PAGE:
The tip of a weapon many thousands of years old has been returned to the Sts’ailes First Nation after being found on the banks of the Harrison River last spring.
Tony Gore and his family live in Chilliwack, but spend sunny days at their cabin on the Harrison River. Last spring, the family was exploring on the riverbanks close to Harrison Lake when Gore spotted a curiously shaped rock on the beach.
“As soon as I found it I called everybody over,” Gore said. “We all huddled around it, and we’re looking at this perfect point lying on the beach.”
|The Atlatl point found by Tony Gore and his family on the banks of the Harrison River last spring. The point has now been returned to the Sts’ailes First Nation. (Tony Gore/Contributed)|
The rock was clearly chiselled into the tip of some sort of weapon, and Gore began explaining to his son Wyatt, 4, and daughter Naomi, 3, how Indigenous people had used the point before metal to hunt animals.
“Wyatt, my son, reaches down and grabs it, right,” Gore said. “And I’m like, ‘Wyatt, you’re the first person to grab it in thousands of years.’”
Gore asked his son to give him the point for safekeeping, but Wyatt refused.
“He tucked it into his little pocket and he said, ‘I’ll keep it in my pocket dad, don’t worry. It’s safe.’”
Not wanting to quash his dreams, Gore let Wyatt take the point into his room to keep it safe.
It was only later, when Gore saw an article published by Black Press on a similar point being found in a garden near Williams Lake in June 2020, that he realized exactly what his family might have found on the beach.
After getting in touch with the Chilliwack Progress, Gore was connected with Morgan Ritchie, the heritage research archaeologist at the Sts’ailes First Nation.
According to Gore, Ritchie said the point was between 2,500 and 4,000 years old. It would have been used on an Atlatl, a type of thrown weapon that combines a spear with a hand-held device to help the user throw it further and faster.
The Atlatl has been used by people in North America for more than 10,000 years and predates the bow and arrow, although they were also used at the same time.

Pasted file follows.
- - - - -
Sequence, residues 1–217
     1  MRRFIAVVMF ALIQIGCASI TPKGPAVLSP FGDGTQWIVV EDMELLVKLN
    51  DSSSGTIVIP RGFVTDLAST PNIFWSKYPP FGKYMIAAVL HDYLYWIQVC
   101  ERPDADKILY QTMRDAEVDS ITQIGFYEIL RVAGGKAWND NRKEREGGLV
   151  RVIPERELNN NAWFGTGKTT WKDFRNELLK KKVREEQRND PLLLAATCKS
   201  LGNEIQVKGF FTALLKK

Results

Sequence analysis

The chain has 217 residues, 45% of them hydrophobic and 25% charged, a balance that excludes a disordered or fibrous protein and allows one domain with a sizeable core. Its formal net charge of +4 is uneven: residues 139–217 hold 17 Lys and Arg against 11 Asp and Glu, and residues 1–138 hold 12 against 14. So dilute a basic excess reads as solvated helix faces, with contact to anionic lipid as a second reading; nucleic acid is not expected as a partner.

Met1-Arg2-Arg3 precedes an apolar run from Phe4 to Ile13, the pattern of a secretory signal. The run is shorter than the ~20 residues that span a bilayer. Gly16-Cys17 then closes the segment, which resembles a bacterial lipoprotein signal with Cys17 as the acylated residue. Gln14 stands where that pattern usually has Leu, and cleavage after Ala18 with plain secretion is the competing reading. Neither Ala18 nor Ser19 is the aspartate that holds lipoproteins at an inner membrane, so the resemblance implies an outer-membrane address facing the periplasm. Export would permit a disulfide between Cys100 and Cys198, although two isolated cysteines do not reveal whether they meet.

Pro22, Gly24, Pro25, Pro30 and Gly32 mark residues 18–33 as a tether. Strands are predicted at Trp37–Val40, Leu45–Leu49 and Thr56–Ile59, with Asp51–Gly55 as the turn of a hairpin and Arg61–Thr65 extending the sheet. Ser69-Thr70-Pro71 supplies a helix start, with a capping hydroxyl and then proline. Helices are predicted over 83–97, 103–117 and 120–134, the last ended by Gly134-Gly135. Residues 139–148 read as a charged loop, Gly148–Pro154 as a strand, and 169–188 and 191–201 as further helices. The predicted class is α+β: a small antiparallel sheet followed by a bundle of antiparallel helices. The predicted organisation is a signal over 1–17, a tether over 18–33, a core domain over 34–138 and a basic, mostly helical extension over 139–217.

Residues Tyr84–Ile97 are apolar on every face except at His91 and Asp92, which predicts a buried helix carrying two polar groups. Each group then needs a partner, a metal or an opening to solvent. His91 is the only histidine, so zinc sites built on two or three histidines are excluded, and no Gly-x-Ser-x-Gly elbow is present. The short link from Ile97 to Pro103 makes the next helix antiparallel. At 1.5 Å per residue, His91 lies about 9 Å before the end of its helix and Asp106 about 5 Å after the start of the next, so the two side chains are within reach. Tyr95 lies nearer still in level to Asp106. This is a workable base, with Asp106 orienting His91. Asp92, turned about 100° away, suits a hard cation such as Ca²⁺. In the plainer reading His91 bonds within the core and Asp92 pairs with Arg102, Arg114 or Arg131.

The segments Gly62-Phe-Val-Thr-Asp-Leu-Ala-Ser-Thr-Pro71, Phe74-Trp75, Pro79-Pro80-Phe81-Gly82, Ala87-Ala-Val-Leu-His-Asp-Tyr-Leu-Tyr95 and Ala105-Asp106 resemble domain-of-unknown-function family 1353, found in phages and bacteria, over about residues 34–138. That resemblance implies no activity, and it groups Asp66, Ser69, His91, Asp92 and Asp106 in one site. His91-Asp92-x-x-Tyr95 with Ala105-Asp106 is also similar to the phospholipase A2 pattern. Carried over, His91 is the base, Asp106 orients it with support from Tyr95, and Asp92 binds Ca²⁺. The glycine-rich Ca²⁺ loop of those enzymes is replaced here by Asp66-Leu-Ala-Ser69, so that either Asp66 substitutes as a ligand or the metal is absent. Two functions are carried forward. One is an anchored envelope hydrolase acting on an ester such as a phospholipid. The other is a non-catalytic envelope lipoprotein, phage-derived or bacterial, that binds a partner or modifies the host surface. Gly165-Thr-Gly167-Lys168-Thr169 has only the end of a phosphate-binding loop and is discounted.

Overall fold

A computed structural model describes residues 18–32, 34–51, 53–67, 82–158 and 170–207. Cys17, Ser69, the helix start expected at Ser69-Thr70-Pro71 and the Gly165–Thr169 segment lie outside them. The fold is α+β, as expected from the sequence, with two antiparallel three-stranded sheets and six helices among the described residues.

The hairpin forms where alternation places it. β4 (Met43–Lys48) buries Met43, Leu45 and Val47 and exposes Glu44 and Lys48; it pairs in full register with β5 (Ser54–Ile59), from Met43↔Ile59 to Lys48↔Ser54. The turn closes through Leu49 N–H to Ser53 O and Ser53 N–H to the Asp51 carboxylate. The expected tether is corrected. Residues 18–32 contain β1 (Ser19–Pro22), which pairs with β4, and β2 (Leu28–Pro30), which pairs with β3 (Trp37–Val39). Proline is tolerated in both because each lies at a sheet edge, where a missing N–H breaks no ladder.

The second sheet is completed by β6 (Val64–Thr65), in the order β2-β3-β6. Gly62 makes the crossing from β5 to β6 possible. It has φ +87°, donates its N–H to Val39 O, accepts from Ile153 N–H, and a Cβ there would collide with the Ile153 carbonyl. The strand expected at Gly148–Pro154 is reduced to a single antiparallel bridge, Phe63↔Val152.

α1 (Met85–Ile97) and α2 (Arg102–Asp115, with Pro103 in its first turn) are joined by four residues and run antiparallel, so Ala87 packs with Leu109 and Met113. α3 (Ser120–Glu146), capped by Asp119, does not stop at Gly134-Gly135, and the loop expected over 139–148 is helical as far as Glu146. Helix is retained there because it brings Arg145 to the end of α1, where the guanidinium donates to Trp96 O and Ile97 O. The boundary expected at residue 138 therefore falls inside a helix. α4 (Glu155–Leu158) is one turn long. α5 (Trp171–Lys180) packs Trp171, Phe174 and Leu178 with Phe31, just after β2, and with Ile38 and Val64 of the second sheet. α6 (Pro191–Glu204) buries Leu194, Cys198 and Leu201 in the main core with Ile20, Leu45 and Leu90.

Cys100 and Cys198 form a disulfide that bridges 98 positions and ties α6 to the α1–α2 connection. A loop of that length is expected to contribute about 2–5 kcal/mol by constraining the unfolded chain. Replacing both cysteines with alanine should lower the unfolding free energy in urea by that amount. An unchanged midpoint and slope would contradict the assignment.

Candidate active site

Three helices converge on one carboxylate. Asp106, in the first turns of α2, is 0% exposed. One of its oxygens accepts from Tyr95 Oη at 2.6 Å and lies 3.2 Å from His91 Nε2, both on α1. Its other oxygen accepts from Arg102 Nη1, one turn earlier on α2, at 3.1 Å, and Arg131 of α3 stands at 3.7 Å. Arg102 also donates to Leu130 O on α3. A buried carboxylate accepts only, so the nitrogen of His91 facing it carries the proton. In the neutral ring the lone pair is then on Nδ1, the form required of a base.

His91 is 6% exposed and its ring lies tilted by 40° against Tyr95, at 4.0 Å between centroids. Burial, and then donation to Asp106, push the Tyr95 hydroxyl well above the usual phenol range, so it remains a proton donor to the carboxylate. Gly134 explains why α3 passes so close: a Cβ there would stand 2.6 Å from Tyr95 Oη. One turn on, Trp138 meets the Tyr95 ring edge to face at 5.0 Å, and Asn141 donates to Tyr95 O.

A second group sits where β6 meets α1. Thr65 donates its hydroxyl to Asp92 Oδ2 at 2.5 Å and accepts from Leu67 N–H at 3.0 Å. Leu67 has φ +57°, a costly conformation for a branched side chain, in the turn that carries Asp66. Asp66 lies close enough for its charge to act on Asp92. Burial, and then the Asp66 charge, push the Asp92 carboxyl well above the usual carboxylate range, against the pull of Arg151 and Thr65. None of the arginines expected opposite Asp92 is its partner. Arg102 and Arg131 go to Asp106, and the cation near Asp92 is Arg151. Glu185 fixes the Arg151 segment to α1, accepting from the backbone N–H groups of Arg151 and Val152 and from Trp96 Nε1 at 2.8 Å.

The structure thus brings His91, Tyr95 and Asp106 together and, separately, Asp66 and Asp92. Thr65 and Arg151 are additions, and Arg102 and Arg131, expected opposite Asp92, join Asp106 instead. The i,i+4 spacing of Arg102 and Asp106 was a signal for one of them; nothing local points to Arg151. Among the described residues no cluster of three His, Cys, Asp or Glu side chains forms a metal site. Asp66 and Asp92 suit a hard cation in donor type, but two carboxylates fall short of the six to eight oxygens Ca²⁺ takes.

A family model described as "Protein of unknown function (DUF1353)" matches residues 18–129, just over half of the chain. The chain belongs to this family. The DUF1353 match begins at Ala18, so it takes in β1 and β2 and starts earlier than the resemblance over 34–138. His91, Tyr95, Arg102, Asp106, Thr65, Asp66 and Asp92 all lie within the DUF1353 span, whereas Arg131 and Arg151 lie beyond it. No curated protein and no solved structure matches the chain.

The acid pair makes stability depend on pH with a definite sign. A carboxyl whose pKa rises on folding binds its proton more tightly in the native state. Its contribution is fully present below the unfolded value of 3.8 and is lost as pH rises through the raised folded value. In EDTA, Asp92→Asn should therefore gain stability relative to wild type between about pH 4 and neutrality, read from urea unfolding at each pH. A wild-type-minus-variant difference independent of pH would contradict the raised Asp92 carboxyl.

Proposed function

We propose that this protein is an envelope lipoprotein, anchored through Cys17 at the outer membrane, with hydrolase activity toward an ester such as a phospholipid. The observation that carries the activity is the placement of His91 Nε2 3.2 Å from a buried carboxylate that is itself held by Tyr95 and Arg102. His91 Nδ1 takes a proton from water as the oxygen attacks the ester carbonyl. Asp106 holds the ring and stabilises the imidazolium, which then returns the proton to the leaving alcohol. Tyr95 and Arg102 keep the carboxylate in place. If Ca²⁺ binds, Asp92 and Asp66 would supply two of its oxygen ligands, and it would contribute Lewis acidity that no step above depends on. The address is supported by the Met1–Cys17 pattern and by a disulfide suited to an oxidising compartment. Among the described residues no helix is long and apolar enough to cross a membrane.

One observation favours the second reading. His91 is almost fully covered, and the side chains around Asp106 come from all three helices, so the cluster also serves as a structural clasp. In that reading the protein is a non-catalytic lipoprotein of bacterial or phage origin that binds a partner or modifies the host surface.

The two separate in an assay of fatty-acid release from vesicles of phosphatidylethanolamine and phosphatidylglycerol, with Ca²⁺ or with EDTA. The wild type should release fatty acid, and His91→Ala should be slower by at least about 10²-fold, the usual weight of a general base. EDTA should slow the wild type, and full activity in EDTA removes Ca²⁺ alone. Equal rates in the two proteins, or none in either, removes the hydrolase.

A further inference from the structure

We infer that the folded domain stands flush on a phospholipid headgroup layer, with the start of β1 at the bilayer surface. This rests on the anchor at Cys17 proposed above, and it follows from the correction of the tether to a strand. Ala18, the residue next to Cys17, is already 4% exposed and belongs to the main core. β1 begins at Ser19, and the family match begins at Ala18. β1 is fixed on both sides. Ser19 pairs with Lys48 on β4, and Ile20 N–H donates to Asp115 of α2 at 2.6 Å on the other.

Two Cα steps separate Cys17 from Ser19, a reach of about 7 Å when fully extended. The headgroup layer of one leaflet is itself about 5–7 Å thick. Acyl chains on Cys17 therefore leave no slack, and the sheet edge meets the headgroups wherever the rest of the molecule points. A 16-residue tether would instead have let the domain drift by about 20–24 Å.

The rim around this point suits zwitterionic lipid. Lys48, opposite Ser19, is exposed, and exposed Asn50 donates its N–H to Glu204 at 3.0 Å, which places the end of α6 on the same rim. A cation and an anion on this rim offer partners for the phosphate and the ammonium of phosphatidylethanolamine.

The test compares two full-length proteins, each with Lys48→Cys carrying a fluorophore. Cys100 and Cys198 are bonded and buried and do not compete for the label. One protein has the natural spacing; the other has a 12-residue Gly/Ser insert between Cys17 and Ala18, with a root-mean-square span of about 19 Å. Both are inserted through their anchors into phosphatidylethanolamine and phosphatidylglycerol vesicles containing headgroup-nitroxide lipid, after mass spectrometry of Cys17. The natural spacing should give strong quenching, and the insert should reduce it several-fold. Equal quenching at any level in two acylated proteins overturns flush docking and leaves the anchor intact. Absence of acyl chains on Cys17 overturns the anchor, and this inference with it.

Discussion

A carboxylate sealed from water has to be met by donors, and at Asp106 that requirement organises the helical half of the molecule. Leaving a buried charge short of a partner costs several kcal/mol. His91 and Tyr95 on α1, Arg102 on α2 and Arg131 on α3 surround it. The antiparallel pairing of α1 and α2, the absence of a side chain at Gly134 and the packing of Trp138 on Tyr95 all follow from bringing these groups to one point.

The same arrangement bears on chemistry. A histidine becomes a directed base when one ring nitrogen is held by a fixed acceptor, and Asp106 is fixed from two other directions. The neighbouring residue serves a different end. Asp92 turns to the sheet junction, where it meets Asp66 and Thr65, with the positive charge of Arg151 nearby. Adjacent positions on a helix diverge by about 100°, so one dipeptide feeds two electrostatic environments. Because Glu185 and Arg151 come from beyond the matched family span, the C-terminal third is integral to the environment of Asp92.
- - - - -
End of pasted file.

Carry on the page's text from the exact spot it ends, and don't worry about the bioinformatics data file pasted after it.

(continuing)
The points were never left behind if possible, Gore explained, so it’s likely something traumatic had happened, such as an animal escaping with the point stuck in its skin.
Because the point was found by itself on the beach, dating it can be tricky, Gore said.
It was only after his family had brought the point home that he learned artifacts like the point should be left where they were found, so an archaeologist like Ritchie can come and and document the area.
This allows the archaeologist to have a butter understanding of how the artifact was found, as well as look for other artifacts around it which can provide more clues about its use and history.
The Agassiz Harrison Observer had reached out to Ritchie and the Sts’ailes First Nation for more information on the point, but had not heard back after multiple attempts to connect.
Gore learned all this after he had gotten in touch with Ritchie. When he first contacted the archaeologist, Gore realized the fate of the point had been left in the hands of his young son, and he wasn’t sure what had happened to it.
“I was worried I lost it again. Luckily, I went into his room with Wyatt and he showed me where it was,” Gore said.
“He was really good, right away he wanted to give it back to them.”
When Gore returned the point, he was met by Ritchie and a member of the Sts’ailes First Nation, who gifted Gore with a blanket.
“I was kind of shocked,” Gore said, adding that the band has said they want to honour him further for returning the point once COVID-19 restrictions are removed.
For Gore’s family, finding the point and returning it to Sts’ailes has enhanced the family’s keen interest in local history.
“People, they don’t totally appreciate how long the First Nation people were here before us,” Gore said. “We were here for hundreds of years, but they were here for thousands.”
“That’s what I want to instill in our kids,” he continued, “to respect and appreciate the First Nations culture. Because it’s so big around here. It’s everywhere. It’s all around us.”
So far, that’s what has happened.
Wyatt is now a “little Indiana Jones” Gore said, and Naomi also loves history and “absorbs it like a sponge.”
“Since (we found the point), he’s been searching for rocks,” Gore said about Wyatt, now five years old. “It’s really sparked an interest in him. It’s amazing.
“I’m sure he’s going to be an archaeologist when he gets older.”